There are gangs of boys like this in every school, but in other schools I think that they have a little bit less control. In this school, there are 7 of them. Only 2 are my students, but we all know all of them, as they spend very little time in class and very much time terrorizing the school. In the middle of a class, your lights will suddenly go out – and you know that one of them just walked by your room. There are 4 of them who I talk to regularly, one of whom is one of the leaders – and the other leader is one of the boys who tried to ignite the school. These boys are all taller and more developed than their peers. Most of them have facial hair, lots of piercings, and wear ridiculous rhinestone covered oversized sweatshirts.

They enter classrooms loudly, begging for attention, clapping, dancing, yelling. They are unresponsive to being reprimanded, but are easily manipulated – if you take the time to do it. Two of them are in my CTT (collaborative team taught() class, which is made up of half special ed, have general ed students, and is taught by one home teacher who stays with them all day, and then one subject area teacher. They travel from class to class with their home teacher. When they come to my class, she and I struggle to teach the rest of the class, and to keep control away from these two boys. I generally end up in the back fo the room with them, trying to engage them, but it is hard, as they feel old and intimidating even to me. They are ballsy and brazen in everything that they say and do. I have this dream of reaching them, exposing that innocent part of themselves that they deny, their youth and inexperience. And then I realize that they are past that – that you really cannot ever go back. These boys will never be eleven, or twelve, or thirteen. They grew up faster than they should have, and while it’s tragic that for whatever reason they have lost their childhood, it’s a reality that cannot be denied.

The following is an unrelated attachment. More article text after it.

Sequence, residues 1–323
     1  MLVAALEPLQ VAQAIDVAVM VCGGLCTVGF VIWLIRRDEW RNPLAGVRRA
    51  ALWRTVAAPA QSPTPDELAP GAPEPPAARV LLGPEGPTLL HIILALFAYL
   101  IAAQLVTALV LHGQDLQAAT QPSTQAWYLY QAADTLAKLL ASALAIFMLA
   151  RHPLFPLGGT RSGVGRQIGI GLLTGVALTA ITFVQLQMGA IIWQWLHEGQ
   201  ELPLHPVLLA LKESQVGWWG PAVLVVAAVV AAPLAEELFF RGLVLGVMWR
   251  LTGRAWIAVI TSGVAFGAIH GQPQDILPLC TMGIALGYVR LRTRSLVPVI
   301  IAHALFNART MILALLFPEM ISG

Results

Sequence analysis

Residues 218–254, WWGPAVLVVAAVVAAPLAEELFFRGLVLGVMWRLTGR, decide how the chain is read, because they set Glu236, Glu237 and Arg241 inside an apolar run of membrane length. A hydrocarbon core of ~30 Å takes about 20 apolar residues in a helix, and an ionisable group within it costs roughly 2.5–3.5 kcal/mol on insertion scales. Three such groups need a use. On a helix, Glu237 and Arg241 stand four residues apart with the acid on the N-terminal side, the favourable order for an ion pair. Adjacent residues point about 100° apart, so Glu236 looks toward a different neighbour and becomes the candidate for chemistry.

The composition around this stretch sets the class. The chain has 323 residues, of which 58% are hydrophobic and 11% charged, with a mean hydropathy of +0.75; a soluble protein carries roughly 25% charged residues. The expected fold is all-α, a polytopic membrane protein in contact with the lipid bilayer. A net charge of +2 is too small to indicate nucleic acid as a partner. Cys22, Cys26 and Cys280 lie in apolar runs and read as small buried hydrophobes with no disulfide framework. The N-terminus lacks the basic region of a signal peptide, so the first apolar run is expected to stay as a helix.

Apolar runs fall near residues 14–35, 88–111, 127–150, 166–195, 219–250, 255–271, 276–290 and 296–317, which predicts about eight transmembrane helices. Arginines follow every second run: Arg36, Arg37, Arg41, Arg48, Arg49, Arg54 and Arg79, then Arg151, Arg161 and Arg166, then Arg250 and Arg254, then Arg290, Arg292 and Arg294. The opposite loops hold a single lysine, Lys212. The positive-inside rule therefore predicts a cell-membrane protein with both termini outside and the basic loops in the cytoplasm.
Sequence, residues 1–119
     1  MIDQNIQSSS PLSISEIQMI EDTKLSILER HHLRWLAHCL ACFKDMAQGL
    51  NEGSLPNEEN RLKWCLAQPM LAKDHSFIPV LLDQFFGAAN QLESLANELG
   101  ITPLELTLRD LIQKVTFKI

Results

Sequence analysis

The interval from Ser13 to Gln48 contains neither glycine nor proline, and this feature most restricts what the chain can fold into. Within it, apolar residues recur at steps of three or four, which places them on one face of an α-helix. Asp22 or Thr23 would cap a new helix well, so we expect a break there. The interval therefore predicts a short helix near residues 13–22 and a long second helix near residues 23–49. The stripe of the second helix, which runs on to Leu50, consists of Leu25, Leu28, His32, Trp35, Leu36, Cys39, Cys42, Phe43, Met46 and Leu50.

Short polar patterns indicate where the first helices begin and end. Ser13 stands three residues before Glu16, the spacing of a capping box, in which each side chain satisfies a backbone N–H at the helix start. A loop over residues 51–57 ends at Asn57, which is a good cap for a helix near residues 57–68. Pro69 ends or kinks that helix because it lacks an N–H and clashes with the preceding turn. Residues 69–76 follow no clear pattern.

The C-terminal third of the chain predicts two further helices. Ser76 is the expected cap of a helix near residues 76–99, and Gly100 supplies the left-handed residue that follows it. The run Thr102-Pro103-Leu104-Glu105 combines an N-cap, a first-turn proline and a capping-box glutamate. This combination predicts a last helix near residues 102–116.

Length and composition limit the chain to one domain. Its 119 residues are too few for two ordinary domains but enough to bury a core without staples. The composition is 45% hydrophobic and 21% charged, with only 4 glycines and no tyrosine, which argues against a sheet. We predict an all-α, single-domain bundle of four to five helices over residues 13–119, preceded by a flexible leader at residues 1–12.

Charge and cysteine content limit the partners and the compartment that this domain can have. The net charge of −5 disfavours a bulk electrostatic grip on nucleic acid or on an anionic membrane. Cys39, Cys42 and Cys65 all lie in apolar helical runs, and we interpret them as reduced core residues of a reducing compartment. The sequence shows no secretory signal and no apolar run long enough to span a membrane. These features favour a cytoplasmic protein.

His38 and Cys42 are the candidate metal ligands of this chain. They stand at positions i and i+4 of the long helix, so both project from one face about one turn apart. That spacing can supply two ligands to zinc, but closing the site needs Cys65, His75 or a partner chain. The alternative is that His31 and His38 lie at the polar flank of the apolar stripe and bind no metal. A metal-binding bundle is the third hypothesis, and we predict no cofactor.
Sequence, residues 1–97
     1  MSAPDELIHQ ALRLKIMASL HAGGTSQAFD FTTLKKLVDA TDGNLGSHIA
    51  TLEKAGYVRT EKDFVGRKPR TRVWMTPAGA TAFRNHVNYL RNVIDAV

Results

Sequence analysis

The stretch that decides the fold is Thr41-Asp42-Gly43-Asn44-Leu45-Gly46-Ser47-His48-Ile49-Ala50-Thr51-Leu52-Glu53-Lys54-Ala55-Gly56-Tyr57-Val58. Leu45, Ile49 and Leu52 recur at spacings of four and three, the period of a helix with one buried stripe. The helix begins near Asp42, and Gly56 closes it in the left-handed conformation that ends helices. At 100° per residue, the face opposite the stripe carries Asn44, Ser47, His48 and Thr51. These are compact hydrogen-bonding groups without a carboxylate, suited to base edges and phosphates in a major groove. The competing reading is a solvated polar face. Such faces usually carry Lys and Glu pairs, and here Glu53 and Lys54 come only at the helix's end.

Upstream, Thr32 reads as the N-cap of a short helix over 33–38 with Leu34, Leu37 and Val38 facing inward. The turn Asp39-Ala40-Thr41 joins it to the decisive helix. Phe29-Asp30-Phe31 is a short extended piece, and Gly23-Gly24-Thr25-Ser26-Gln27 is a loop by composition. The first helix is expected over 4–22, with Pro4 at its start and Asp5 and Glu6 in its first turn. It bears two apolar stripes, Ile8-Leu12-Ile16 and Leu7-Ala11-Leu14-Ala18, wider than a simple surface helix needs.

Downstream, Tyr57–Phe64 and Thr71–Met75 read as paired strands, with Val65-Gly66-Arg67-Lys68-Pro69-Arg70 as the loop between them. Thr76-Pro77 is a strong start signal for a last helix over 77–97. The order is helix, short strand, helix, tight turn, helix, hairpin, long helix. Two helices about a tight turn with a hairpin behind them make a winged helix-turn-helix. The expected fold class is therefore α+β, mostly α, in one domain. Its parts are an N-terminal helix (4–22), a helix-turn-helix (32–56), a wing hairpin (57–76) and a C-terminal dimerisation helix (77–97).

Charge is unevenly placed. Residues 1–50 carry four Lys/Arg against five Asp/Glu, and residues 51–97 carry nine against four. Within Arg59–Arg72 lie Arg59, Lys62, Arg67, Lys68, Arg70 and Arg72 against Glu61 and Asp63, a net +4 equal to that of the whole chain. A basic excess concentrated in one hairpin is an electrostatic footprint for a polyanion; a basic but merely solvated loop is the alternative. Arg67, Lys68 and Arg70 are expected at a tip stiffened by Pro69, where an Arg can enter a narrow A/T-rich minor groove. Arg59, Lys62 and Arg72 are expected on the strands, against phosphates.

These boys are older than their years – not in the way that you are used to hearing it – with wisdom and maturity attached. Rather, they are jaded, and instead of feeling that they have their whole lives ahead of them, they feel as though they’ve already lived a whole life. They can be threatening, and it certainly isn’t helpful to have as little leverage as I do over them. For many, I’m not even their teacher, just a room in the school to torment and drop in on when trying to avoid security officers or going to class. For most of them, I would bet that teachers gave up on calling parents long ago, or that their parents are desensitized to the calls. These boys run the school – and everyone knows it. But they are 13 years old, despite their fa├žade of maturity, not fit to run anything, least of all themselves. How do you reach them – and go beyond trying to control them to actually help them? I have to overcome my own barriers about them – the level of intimidation that they have, how far gone they seem, how disinterested and disrespectful and baiting they are.

It’s all about power with them, and that’s a much harder battle to fight than with those kids who just want attention. The power hungry will automatically do the opposite of every single thing that I say, will defy me at every opening I give them, and will take advantage of every vulnerability I expose. They do it every day, with increasing intensity. But they are young and transparent and needy – and when I get past all of that bad, I can see those other things – and only then can I even want to help.

Contact Comfort

I could have been a lot of things – but I don’t think I would have gotten as many hugs. Contact comfort. I always think of the study with the monkeys, in which they put baby monkeys in a room with two ‘mothers’ made out of wire, one of which was covered in soft, fuzzy cloth, and the other which was equipped to provide milk to the babies. The monkeys were smart (after all, we did descend from them) and quickly figured out where to go to get sustenance. What was interesting however, was that when they were not feeding, they gravitated towards the other mother – who gave them nothing concrete, but provided them with ‘contact comfort’.